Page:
The government will collect substantially more revenue from telecom services than the estimate of Rs 52,806.36 crore in the union budget after adding the collection from the proposed spectrum collection, a top official from the telecom department said.
According to the budget document, the government has lowered its revenue estimate from the telecom segment to Rs 52,806 crore for the next financial year, reported news agency PTI.
Telecom Secretary K Rajaraman told PTI that some people are making advance payments and since spectrum auction is proposed we expect this to go northwards. We won’t be able to give any estimates without any recommendations in hand but it will be significantly higher, he added. The revenue collection of the telecom department is likely to be higher than budget estimates of Rs 53,986.72 crore for the current fiscal at Rs 71,959.24 crore.
As of February 3, the Department of Telecom (DoT) has already collected Rs 69,559 crore, informed Rajaraman. The proceeds from communication services include license fees from telecom operators and receipts on account of spectrum usage levy at the rate of 8% of their adjusted gross revenue (AGR).
Rajaraman said, “We will not be able to guess 5G spectrum auction estimates till we have Trai’s recommendations in hand. These recommendations will undergo some changes”.
At present, the Telecom Regulatory Authority of India (TRAI) is currently working on asserting recommendations on 5G spectrum price and allocation rules which it is expected to submit in March.
Earlier, TRAI had suggested the base price of 5G spectrum in 3,300-3,600 Mhz band at about Rs 492 crore per Mhz unpaired spectrum on a pan-India basis.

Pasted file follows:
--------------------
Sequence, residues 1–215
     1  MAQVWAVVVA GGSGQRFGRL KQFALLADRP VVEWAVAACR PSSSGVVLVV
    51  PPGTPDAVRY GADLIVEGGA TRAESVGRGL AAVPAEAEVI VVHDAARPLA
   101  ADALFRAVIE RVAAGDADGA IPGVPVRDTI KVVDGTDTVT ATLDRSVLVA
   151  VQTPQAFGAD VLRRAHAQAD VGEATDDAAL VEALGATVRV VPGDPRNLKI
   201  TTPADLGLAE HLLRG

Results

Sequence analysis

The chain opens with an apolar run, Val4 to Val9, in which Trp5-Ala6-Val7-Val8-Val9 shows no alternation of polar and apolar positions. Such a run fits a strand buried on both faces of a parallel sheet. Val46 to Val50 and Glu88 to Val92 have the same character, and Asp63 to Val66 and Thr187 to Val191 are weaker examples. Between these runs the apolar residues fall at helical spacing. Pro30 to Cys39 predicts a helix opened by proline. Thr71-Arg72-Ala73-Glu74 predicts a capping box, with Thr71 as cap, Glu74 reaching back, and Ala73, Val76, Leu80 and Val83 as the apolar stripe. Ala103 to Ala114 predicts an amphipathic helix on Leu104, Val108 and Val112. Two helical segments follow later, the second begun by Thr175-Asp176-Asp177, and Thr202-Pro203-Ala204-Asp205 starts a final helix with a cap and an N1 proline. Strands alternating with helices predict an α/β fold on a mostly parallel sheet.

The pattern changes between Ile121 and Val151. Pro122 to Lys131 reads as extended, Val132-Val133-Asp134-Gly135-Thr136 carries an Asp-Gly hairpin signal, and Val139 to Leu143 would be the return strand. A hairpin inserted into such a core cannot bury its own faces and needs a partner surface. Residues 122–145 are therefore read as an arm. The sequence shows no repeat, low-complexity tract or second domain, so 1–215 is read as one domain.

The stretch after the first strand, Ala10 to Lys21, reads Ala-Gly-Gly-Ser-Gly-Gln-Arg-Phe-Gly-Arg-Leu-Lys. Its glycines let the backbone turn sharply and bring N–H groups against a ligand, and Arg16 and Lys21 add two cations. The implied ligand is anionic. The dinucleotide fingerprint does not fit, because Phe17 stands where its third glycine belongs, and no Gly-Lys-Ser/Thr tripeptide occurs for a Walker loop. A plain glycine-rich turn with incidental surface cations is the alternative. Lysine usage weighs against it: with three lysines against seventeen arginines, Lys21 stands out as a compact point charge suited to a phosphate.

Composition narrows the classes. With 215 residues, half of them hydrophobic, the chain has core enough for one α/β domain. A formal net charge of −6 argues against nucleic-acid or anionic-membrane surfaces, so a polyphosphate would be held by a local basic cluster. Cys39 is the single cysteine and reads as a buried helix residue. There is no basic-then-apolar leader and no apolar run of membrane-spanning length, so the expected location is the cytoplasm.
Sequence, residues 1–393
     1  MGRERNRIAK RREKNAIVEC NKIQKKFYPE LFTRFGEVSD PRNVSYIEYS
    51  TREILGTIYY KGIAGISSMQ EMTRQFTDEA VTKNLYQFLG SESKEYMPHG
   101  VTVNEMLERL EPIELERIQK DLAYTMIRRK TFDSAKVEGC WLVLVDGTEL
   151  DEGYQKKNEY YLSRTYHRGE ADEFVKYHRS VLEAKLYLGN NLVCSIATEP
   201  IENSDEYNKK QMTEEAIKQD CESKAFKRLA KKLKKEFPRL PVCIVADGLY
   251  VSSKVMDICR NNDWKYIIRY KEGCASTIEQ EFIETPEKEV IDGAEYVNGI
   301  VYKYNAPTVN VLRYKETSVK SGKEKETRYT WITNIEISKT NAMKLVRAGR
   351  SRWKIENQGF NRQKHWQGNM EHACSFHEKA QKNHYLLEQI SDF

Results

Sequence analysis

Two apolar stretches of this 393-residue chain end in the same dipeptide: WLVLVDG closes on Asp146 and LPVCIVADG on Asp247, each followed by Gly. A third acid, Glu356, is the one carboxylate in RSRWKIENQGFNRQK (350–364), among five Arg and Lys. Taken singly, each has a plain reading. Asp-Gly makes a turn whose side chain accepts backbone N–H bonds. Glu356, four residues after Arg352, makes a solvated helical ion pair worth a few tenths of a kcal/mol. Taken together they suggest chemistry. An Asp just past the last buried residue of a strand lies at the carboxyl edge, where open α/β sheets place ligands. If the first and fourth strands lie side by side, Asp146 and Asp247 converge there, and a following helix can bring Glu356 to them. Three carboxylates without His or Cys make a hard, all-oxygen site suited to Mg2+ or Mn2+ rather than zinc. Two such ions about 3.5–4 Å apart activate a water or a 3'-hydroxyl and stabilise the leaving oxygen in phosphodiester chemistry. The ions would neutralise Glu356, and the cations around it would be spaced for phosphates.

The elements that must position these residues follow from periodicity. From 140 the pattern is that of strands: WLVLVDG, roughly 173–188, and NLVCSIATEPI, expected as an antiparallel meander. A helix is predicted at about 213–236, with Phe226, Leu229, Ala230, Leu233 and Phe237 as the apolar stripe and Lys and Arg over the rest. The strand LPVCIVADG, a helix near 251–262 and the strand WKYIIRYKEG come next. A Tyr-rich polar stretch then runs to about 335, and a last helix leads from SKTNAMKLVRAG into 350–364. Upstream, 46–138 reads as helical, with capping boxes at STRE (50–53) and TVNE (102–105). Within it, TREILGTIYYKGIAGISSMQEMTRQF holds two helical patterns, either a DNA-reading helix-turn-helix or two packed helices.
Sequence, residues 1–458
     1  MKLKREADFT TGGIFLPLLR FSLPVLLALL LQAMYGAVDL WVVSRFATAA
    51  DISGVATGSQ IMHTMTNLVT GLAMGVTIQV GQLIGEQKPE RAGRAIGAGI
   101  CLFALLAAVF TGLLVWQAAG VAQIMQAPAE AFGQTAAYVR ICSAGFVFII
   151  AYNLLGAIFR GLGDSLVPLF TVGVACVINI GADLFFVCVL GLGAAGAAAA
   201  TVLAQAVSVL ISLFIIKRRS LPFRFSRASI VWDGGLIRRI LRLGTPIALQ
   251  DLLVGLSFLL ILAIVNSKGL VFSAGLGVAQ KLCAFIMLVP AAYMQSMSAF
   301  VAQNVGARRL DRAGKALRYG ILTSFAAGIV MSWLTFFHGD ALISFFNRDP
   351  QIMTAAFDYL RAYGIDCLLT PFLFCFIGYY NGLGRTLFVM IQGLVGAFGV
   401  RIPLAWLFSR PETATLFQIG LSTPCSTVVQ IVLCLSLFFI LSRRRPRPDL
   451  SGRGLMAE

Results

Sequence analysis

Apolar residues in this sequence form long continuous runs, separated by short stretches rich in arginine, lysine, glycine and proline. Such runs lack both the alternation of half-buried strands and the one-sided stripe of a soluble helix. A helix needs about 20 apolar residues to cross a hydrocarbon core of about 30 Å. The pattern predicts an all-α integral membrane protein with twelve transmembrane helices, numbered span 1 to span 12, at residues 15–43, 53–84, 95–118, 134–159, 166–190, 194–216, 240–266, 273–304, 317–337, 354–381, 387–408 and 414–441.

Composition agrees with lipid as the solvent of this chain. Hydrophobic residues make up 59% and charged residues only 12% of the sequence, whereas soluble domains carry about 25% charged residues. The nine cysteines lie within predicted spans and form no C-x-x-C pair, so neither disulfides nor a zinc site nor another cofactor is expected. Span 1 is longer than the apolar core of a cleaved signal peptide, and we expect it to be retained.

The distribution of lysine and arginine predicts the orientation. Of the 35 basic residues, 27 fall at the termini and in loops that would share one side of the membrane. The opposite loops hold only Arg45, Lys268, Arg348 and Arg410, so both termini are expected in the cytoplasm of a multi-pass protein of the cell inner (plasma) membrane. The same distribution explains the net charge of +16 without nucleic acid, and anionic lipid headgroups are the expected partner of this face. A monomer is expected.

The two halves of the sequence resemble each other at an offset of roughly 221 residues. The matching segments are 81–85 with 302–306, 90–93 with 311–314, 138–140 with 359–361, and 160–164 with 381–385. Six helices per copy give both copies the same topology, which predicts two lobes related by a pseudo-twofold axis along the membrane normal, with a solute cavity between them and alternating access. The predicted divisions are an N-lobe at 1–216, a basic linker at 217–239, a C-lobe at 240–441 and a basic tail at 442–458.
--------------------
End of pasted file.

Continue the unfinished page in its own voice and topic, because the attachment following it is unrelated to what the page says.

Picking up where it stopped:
Telecom operators will have to pay a minimum of Rs 9,840 crore on a pan-India basis to buy a 5G spectrum in the medium frequency band of 3,300-3,600 Mhz.
According to the PTI report, if the demands of telecom operators are met then the medium band spectrum should cost them just Rs 492 crore at the base price. They have demanded that the base price of spectrum in higher frequency bands of 24.5 GHz to 29.5 GHz should be fixed at 1% of the base price of the mid-frequency band.
The government is focused on enhancing the ease of doing business, lowering business costs and compliance burden on the firms and the second phase of reforms around these are expected to be announced by April-May, said Rajaraman to PTI.
In September, the government has already given major reforms to increase liquidity in the sector and reduce the load on debt-ridden companies like Vodafone Idea and BSNL.
”Telecom infrastructure is at the foundation of any digital economy and the government is very keen about digital inclusion as a means of financial inclusion and development. For this, equitable access to telecommunications across the country is very important. That is why we are focusing on developing more technologies which will improve affordability, accessibility etc,” PTI quoted Rajaraman as saying.